Can in-house counsel distinguish between quality and mediocre law firms? (Dec. 20, 2005

A summary of comments by 43 law-firm managing partners of law firms on the topic of “burning issues” (Of Counsel, Vol. 24, Nov. 2005 at 8), contained a quote from one who heads a firm of more than 500 lawyers.

“[C]lients really can’t distinguish between quality and mediocrity. Thus, we invest in quality, which means investing in providing leading compensation packages, a commitment to diversity and pro bono, time spent on professional development, and then few clients even know the difference.”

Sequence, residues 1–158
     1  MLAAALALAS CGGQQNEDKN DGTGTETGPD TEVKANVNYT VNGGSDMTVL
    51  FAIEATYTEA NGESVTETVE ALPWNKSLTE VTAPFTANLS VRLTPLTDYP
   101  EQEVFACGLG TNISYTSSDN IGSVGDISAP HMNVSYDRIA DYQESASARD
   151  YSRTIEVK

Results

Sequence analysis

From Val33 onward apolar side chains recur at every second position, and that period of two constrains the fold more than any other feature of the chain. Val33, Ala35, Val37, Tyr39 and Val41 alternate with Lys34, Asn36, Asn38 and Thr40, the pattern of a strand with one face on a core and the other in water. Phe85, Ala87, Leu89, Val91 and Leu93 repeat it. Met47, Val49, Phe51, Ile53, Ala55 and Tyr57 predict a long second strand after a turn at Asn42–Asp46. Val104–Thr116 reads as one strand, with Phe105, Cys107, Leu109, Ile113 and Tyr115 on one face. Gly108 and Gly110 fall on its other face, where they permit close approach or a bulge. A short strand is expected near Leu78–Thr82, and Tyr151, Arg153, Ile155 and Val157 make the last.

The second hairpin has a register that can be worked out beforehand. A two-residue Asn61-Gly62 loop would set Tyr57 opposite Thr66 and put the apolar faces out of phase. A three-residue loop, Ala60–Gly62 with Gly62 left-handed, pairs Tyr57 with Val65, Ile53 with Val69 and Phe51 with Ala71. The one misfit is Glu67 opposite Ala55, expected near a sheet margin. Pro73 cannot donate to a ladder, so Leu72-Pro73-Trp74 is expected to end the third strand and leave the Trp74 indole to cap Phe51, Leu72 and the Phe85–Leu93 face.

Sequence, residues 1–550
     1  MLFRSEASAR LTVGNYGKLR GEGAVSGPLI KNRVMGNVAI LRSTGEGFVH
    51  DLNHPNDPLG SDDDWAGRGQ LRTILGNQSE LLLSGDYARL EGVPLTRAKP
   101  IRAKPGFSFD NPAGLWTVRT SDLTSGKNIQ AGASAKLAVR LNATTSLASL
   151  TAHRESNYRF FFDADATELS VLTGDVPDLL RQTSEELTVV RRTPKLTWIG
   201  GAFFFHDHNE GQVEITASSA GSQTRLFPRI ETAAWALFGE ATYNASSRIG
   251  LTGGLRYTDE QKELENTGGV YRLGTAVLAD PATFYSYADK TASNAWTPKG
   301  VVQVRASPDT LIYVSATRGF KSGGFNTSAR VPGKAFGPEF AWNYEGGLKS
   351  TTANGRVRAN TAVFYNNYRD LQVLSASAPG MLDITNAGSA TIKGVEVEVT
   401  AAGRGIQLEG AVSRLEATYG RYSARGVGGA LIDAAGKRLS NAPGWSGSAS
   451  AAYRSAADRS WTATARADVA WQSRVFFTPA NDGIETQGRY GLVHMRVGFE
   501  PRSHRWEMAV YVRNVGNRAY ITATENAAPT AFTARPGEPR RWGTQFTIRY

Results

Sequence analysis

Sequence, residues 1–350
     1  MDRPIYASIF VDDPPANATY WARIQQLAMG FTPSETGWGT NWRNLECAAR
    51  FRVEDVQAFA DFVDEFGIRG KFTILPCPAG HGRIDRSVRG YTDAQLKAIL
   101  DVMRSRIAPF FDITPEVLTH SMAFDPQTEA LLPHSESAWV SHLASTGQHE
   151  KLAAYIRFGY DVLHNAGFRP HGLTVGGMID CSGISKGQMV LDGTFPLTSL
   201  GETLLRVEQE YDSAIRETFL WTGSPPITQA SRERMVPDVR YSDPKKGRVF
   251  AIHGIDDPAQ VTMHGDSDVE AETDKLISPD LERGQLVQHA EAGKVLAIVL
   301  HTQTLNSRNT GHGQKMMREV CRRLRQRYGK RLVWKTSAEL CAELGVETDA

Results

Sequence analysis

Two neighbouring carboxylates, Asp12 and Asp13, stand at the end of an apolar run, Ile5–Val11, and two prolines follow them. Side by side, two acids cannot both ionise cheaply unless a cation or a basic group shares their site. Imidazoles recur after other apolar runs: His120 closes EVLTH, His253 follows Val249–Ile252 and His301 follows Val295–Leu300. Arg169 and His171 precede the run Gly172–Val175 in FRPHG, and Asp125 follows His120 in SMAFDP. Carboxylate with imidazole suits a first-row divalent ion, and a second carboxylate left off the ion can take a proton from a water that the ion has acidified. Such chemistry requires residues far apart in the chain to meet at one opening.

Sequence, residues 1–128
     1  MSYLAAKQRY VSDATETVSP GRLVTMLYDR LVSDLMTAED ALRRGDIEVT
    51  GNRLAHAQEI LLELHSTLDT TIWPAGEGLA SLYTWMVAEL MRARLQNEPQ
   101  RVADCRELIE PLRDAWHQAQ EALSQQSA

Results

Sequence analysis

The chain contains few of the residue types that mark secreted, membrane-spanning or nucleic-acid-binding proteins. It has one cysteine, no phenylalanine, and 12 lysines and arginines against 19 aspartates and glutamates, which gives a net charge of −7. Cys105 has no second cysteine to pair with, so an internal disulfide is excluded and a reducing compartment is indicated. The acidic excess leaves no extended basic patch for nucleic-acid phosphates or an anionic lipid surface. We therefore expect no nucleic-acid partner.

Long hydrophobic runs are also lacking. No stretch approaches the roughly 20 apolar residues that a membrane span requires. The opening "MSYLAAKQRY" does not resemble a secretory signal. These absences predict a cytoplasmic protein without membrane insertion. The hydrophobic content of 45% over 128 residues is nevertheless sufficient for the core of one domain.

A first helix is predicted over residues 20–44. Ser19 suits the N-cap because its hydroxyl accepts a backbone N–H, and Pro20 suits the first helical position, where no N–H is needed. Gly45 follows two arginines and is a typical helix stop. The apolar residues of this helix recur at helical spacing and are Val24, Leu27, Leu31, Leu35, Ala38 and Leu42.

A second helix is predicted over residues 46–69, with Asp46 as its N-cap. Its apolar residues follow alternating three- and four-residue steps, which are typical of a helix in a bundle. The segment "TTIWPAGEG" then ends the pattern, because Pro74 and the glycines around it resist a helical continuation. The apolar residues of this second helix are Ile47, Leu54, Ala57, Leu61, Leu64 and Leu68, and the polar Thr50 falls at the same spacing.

Law department lawyers, presumably “clients,” by all means assert that they can tell a first-rate firm from a second rater. Their judgment, however, does not take into account the firm’s pay scale, CLE efforts, or commitment to those who can’t afford lawyers. No, their judgments depend mostly on delivered, practical experience, business shrewdness, institutional knowledge of the client, responsiveness, and the scarcity of digits on invoices. Outputs matter; the infrastructure and inputs that the quoted managing partner holds so dear matter little.

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